Willie Walsh, chief executive of the owner of British Airways, has condemned the Government's economic recovery plans, warning: "I don't see an agenda for growth in this country."
Days after the Chancellor set out his Autumn Statement, Mr Walsh, head of International Airlines Group, which owns BA and Iberia, said Britain was stuck "in an old world" cut off from emerging markets thanks to government cuts, aviation policy and visa restrictions.
Speaking to The Independent on board BA's inaugural flight to Seoul, he said: "When I look at what I've done to restructure BA and other airlines, I've learnt you can't downsize a business to pursue growth – it hits long-term profitability. The thing to do is to address your cost base to make it more competitive, then pursue growth. But under this Government, I don't see that happening. I don't see an agenda for growth."
Mr Walsh said the UK's dithering over aviation policy meant the country is becoming cut off.
BA launched the Seoul route after buying bmi this summer, and switching its slots to connect Heathrow to long-haul, emerging markets. "BA secured the opportunity to grow at Heathrow by buying bmi," Mr Walsh added, "but airlines in other countries can't get into Heathrow, and the country is losing business as a result."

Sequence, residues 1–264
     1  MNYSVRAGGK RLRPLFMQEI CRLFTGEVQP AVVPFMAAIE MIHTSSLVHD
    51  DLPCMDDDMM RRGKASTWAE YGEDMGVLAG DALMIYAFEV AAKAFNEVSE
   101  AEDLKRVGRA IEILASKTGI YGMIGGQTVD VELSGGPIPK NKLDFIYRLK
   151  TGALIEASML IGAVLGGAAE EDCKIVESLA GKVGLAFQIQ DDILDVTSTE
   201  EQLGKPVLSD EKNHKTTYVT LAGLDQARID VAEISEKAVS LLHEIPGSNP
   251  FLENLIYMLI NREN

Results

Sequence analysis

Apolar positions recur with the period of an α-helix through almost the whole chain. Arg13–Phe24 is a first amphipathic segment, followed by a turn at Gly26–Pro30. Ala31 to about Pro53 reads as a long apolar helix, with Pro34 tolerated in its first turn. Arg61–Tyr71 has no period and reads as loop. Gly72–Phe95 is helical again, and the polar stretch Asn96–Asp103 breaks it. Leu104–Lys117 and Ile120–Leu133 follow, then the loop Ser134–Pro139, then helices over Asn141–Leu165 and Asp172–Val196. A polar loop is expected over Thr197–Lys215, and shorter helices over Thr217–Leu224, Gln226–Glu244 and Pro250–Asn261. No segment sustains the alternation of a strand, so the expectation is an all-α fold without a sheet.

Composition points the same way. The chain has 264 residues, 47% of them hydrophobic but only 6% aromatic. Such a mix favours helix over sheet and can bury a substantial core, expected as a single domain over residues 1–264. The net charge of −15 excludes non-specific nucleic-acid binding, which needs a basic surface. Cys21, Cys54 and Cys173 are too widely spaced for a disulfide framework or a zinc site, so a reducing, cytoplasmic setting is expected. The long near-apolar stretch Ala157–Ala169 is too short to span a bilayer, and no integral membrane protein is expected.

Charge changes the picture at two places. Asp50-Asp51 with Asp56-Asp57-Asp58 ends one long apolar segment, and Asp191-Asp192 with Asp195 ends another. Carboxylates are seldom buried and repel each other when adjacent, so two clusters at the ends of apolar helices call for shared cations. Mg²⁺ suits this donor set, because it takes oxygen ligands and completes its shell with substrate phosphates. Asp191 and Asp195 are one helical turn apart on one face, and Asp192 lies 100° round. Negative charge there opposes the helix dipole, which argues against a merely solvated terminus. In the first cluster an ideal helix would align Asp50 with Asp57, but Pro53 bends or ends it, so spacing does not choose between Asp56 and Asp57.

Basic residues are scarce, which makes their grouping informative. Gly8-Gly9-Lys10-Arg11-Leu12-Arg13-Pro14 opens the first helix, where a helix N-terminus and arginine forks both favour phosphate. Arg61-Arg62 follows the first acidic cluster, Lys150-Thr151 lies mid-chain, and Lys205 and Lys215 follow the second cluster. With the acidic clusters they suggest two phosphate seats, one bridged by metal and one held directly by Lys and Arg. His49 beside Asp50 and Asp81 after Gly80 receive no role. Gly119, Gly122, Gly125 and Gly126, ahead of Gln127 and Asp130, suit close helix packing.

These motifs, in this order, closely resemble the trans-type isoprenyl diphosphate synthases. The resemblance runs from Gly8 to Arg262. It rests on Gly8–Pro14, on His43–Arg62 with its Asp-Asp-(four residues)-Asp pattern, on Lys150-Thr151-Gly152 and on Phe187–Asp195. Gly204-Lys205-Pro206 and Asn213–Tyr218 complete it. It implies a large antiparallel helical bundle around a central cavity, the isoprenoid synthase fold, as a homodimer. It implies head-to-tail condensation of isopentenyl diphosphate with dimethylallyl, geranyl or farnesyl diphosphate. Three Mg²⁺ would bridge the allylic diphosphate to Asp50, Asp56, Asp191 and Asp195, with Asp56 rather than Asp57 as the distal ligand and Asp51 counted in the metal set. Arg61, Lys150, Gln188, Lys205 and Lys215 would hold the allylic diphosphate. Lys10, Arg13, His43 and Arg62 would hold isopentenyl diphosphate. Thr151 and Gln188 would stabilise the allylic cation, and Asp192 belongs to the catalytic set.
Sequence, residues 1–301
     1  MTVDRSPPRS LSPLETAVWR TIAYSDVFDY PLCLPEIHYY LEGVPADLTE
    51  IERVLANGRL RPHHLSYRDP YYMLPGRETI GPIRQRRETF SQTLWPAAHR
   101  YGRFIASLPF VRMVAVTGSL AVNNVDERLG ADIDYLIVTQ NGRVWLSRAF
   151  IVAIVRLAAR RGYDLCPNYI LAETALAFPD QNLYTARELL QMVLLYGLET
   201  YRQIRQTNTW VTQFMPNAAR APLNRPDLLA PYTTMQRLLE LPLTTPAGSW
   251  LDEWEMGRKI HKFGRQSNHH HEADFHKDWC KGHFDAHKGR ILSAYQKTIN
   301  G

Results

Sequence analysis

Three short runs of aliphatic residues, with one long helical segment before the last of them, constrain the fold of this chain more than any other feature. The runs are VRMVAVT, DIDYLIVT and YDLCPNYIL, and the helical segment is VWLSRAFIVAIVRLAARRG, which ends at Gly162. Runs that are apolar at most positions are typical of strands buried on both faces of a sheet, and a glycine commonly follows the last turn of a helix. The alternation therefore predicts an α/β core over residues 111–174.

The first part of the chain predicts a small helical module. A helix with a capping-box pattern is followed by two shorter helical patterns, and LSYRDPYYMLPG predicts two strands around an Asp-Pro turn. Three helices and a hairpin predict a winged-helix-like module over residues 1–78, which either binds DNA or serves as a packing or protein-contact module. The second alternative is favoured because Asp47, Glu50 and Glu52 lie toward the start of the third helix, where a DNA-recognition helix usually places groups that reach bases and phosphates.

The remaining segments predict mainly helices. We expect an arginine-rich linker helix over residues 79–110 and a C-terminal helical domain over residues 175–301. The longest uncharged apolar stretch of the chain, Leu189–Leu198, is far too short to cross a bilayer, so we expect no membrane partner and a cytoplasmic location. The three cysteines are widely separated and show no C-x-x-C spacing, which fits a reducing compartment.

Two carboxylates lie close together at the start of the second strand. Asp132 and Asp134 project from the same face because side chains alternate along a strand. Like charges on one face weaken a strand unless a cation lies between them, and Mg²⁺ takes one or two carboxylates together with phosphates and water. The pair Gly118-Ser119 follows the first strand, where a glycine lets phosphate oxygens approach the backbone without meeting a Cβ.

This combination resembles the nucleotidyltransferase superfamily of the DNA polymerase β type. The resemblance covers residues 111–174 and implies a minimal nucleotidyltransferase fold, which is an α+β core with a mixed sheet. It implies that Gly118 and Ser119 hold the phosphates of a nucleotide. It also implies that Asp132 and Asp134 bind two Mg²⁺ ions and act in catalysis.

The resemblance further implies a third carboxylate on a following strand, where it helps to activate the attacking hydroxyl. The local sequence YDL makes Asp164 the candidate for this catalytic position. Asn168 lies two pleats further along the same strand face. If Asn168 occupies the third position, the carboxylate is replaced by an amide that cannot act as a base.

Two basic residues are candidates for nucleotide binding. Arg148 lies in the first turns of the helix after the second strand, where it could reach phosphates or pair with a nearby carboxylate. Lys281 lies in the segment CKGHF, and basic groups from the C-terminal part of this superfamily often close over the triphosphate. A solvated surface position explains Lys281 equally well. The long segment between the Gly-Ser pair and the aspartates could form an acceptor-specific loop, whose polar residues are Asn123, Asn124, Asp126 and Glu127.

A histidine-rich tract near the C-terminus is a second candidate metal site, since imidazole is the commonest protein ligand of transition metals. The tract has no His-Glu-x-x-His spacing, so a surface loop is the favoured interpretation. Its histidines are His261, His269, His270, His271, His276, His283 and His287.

The aviation boss said that Heathrow being full was just one of a cocktail of measures putting off foreign firms and executives from doing business in the UK. "Measures like [air passenger duty] are making us less competitive, the visa regime in the UK just isn't friendly, and people in growth economies are discouraged from visiting the UK," he said.
Quoting figures showing that more than one million Schengen visas were issued last year for travel to Europe excluding the UK, but only 193,000 Chinese visited this country, Mr Walsh added: "These issues require some brave decisions from government, but I'm afraid this isn't a brave government.
"As a country, we're currently mid-table. If we're not careful we'll be out of the Premier league. And trying to get promotion again is very difficult and very expensive."
Despite the Chancellor announcing a £70m boost to the funding of UK Trade and Investment in the Autumn Statement last week to allow it to support more companies to export, Mr Walsh claimed Britain's trade priorities were wrong. "The world has changed and is changing and we need to adapt to stay in contention but we're stuck in an old world, aiming our business focus on Europe," he said.
"Until 2011, the UK exported more to Ireland than all the Bric countries combined. That's not right. Exports, tax, competitiveness and visa issues together mean we're falling down the rankings, and unless the Government takes action to reverse these, we will sink."